Category Archives: 2010+

15 Months Later…

Clearly this blog has been neglected, but I would argue for good reason…

For the last 15 months i’ve been working hard on recording and producing my debut album Five Colors

Hopefully this will mean I will emerge once again here to post, but in the meantime here are the details:

Featuring Sullivan Fortner, Christopher Mees, Alex Ritz, Kassa Overall, Danny Fisher-Lochhead and many others in support.

Stream and/or purchase the album here:

Check out more details here, including pictures, outtakes and videos from the sessions:

And feel free to comment here if you’re so inclined!

Influence In Strange Places…

I feel like a lot of artists these days are looking to music from the 80’s for inspiration. This seems strange to me. Not because there wasn’t good music in the 80’s, but because despite this it is still considered a ‘lost decade’ for music. Take any decent sample of generic Americans and ask them which decade had the best music, the 70’s, 80’s or 90’s, and I’d wager a large sum that the 80’s would consistently be chosen last.

But recently I’ve heard more and more about artists looking to groups from the 80’s for inspiration. In some cases, I can’t discern the influence in the final product, but in others it’s almost painfully obvious.

This track, for example, most likely could have come out in 1987 and no one would have known the difference:

The album is still great though, check it out…

Quick Listen ~~ Ambrose Akinmusire – When the Heart Emerges Glistening

I Got a hold of Ambrose Akinmusire’s sophomore effort, When the Heart Emerges Glistening. I have to admit, I was not much of a fan of his debut Prelude: To Cora, (I actually think the best tune on it is one written by a sideman), but was at least somewhat pleased to hear that he himself is not much of a fan of it anymore either (although everyone says they hate their first record). But at least Ambrose is being given a second chance at a debut: When the Heart Emerges Glistening is his first on Blue Note, and thus he can convince himself and others that this is, in fact, the real, debut.

Ambrose Akinmusire has been running a consistent band for a few years now, so I was not surprised to feel their presence immediately on the album. “Urgency” is a word used too much to describe this type of music, but you really can hear it here: Akinmusire, saxophonist Walter Smith III, pianist Gerald Clayton, bassist Harish Raghavan and drummer Justin Brown have something to prove, and are trying to push into new places.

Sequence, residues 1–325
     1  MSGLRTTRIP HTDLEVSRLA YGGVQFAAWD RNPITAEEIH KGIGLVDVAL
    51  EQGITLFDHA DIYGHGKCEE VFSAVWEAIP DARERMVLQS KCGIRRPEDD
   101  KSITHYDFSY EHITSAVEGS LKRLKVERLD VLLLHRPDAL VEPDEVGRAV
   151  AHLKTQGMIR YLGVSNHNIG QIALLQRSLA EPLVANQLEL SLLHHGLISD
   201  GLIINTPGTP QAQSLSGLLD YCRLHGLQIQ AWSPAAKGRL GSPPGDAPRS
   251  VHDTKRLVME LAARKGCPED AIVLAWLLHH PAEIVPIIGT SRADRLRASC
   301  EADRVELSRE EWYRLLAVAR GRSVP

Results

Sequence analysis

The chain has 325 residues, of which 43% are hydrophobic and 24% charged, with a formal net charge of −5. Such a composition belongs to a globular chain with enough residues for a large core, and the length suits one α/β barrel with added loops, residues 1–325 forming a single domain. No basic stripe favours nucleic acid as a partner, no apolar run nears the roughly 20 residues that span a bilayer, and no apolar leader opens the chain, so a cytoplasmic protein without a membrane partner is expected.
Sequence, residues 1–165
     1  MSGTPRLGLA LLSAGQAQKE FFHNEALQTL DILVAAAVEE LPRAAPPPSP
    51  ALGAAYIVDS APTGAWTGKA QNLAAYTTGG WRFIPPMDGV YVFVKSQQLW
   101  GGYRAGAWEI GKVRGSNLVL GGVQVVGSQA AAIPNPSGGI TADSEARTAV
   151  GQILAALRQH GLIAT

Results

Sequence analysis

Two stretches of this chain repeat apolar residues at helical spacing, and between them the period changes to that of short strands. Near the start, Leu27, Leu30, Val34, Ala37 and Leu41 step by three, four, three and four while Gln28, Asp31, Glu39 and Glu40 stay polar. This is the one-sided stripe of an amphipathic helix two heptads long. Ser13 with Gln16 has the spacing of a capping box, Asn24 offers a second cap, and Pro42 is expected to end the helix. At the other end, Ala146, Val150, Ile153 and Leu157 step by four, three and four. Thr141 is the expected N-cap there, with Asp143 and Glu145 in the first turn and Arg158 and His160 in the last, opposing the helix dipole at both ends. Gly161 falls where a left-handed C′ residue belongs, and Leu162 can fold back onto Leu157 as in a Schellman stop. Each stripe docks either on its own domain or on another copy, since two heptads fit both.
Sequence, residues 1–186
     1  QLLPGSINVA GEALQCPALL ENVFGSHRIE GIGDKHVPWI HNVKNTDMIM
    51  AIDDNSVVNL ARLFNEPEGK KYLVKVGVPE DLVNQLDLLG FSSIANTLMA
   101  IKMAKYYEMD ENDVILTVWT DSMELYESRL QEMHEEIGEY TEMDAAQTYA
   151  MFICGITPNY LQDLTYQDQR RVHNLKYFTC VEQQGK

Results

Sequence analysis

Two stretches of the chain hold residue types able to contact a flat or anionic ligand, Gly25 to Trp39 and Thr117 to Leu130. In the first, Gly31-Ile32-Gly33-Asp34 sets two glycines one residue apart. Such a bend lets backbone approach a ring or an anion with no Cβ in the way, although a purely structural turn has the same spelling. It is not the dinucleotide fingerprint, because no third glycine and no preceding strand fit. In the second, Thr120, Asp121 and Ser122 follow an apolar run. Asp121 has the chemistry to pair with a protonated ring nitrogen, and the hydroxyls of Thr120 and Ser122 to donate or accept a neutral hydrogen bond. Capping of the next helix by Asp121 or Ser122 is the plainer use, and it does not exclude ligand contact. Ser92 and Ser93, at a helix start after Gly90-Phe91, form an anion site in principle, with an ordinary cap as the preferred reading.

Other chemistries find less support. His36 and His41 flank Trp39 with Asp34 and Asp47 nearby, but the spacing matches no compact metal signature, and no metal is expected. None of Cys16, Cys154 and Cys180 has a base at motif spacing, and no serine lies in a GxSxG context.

Many of the compositions, despite clearly having been written with strict forms and traditional assignments, have grown out of their constraints into more loose, flowing vehicles. This applies as much to melody statements as to solo sections. There is a lot of back and forth between the horns, as well as with the pianist. Boundaries that many are familiar with are loosening up, and the band is so comfortable with each other that they don’t mind stepping on each others feet in unexpected and constructive ways.

If the album and track titles hint at pretentiousness, Ambrose’s trumpet playing is void of it. He is certainly striving for a new sound: his heavily intervalic playing is quite unprecedented and requires a deep ear for harmony. But even though his ability lends itself to perfectionism, there is nothing “perfect” about it. His notes still crack and his leaps of faith sometimes fail, but when they do it just makes it all the more evident that his goal is to push himself constantly, even in the recording studio, and that in turn makes his playing very exciting to listen to.

Six songs into the album, however, few curveballs have been thrown. The band settles into a consistency that may or may not have been intended. “Confessions To My Unborn Daughter”, “Jaya”,  and “Henya” all have a loose groove, mild, lumbering tempos and very similar, dark harmonic timbres. But the second half of the disc changes things up a little. The use of the celeste  on “Ayneh (Cora)” is interesting, and makes for a nice contrast to a still similar tone. On “My Name Is Oscar”, Ambrose ventures into poetry on what was a pre-recorded drum solo. Its a unique use of recording-session-runoff, but I’m not sure that the result is consistent with the remainder of the album.

Tempos and instrumentations continue to change, with the trumpet/piano duet on “What’s New” an especially nice touch. But much of the second half in the end seems like a series of interludes, with few if any concrete statements. This isn’t exactly justified with the album’s closing either, which is on a low-note despite not really coming down from anywhere. In the end it seems as if the disc is split in half, with a Part 1 and a Part 2 having completely different purposes. When taken as a whole, i’m not entirely convinced it works, but if you subconsciously separate them, their statement becomes more powerful.